Ageing Australians increase demand for aged care services

As Australians are living longer than ever before, they are likely to experience greater frailty and more complex care needs requiring more aged care services.

Following the Royal Commission into Aged Care Quality and Safety report in 2021, it advised there was a need to significantly improve the quality of both residential and home care, exacerbated by chronic workforce shortages leading to substandard care. In 2023 the Aged Care Taskforce (the Taskforce) was established to advise on funding arrangements, including:

  • a fair and equitable approach to assessing the means of older people;
  • participant contributions for home care;
  • reforms to arrangements for funding of hotel and accommodation costs in residential aged care, including the phasing out of Refundable Accommodation Deposits (RADs);
  • services for inclusion and exclusion in the new home aged care program;
  • funding and contribution approaches to support innovation in the delivery of care.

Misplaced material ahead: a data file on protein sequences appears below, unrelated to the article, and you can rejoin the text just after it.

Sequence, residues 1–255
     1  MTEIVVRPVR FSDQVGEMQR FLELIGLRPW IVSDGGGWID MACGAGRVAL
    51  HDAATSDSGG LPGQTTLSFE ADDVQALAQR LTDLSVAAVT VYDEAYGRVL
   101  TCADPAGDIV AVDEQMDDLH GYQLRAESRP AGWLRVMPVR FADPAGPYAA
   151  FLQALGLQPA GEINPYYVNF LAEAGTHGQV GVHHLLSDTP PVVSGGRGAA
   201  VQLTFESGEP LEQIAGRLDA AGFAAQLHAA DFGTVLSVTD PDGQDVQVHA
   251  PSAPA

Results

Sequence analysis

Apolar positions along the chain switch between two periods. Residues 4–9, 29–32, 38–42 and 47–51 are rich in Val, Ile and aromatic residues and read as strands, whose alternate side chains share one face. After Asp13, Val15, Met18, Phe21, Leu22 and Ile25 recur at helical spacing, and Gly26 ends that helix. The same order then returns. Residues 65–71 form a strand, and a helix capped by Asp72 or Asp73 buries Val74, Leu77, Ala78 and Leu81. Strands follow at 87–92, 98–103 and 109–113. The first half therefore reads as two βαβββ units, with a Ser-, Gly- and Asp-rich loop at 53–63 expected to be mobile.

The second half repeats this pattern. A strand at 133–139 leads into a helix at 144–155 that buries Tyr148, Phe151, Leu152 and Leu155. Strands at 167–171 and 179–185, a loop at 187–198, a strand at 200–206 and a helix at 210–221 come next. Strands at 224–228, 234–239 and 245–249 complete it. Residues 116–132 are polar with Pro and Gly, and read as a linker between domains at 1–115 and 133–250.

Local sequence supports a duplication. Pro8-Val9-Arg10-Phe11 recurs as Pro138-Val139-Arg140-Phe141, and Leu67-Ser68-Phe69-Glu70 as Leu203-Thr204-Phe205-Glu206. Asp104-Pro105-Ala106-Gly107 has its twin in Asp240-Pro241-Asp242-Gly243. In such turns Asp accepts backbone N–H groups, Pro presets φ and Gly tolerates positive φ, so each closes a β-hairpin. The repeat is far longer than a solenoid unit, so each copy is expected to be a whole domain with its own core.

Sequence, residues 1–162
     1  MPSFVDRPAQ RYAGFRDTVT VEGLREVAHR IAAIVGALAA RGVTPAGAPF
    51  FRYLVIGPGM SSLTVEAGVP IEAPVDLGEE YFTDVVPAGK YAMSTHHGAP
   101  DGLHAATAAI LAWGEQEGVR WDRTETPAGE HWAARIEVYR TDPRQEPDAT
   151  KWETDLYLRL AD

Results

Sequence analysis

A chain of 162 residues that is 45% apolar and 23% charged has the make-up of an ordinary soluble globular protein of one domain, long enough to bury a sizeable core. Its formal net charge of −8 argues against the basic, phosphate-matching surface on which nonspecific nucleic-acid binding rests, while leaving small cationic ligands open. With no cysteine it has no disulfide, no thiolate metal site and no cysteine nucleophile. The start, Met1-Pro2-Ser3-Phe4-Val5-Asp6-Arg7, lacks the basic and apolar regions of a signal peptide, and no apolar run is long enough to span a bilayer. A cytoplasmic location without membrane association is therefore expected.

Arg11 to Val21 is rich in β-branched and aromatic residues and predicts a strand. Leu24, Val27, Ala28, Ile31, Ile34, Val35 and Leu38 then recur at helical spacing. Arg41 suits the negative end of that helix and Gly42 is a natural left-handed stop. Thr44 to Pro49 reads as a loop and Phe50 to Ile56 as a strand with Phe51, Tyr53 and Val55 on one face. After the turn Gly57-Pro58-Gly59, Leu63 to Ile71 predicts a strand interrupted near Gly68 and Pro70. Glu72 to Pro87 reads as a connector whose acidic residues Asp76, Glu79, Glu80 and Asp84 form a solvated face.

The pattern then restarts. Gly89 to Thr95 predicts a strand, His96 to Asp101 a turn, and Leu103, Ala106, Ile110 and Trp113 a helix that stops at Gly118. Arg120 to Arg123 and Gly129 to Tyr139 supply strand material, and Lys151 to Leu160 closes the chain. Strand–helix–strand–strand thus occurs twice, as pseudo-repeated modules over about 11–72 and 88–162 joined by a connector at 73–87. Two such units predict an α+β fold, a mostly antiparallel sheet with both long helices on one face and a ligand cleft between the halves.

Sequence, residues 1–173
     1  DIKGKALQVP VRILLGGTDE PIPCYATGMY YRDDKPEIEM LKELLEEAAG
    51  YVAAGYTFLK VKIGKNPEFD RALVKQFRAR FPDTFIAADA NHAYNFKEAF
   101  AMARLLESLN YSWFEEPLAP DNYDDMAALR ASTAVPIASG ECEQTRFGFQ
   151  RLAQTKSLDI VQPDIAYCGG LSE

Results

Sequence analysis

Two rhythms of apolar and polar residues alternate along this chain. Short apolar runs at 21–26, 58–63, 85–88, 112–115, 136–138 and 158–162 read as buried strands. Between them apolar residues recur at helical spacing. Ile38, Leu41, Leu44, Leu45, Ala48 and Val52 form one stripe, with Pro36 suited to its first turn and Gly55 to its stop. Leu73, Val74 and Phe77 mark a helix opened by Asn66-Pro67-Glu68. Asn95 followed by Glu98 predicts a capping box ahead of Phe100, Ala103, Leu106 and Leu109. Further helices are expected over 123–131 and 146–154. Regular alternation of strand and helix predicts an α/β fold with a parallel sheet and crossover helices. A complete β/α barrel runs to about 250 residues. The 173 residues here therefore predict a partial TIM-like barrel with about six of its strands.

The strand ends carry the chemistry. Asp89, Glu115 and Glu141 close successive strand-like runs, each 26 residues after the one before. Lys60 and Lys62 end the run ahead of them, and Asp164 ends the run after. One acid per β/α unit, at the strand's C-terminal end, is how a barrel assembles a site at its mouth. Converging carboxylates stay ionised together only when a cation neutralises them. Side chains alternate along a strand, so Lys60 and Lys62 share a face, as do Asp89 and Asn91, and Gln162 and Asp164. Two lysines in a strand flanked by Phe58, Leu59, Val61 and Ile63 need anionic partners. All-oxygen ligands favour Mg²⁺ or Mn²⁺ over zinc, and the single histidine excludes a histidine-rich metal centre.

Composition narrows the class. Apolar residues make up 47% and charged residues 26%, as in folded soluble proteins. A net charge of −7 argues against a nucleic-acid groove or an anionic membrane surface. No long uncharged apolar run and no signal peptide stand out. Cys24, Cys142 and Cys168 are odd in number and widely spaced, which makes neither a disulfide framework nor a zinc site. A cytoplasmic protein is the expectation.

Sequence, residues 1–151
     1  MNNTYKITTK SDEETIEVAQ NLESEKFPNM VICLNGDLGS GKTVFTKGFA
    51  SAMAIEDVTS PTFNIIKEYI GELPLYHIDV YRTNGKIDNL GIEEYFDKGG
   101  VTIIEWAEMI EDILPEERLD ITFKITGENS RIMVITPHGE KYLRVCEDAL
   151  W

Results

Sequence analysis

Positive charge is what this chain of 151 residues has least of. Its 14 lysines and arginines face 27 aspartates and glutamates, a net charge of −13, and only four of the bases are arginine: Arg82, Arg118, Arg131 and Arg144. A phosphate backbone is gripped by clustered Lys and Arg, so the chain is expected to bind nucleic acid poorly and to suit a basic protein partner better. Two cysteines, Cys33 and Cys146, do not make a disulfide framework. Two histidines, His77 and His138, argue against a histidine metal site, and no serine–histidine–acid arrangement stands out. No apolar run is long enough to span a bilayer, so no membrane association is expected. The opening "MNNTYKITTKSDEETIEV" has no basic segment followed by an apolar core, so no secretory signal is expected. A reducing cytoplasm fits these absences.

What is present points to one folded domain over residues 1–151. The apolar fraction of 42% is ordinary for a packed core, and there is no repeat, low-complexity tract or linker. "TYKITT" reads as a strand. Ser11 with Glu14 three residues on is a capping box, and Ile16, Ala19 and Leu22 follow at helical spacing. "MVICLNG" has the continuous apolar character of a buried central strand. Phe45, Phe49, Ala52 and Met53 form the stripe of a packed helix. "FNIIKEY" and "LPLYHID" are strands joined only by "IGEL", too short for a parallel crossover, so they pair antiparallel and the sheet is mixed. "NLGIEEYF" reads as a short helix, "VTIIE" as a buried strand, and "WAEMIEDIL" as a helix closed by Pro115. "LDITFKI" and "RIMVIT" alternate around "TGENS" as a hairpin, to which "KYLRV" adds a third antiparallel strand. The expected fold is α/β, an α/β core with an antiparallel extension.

Issues affecting the aged care sector

The Taskforce identified the following issues affecting the aged care sector:

  • demographic change means demand for aged care services will continue to grow;
  • current and future generations of aged care participants have high expectations of what quality aged care looks like;
  • generally older people are wealthier than previous generations and the taxpayer base is declining as a proportion of the population.

Demographic changes
The size of the population aged 65 and over is growing faster than the working age population. Over the next 40 years, the number of people over 80 years of age is expected to triple to more than 3.5 million. These demographic shifts have two critical implications:
• the taxation burden for funding aged care services grows for a segment of the population that is becoming proportionally smaller;
• gaps in the aged care workforce increase, creating significant ongoing challenges to delivering quality care.

Additional funding is needed to meet future demand and deliver quality improvements, but structural issues mean the sector’s financial viability is poor.

Superannuation shortfall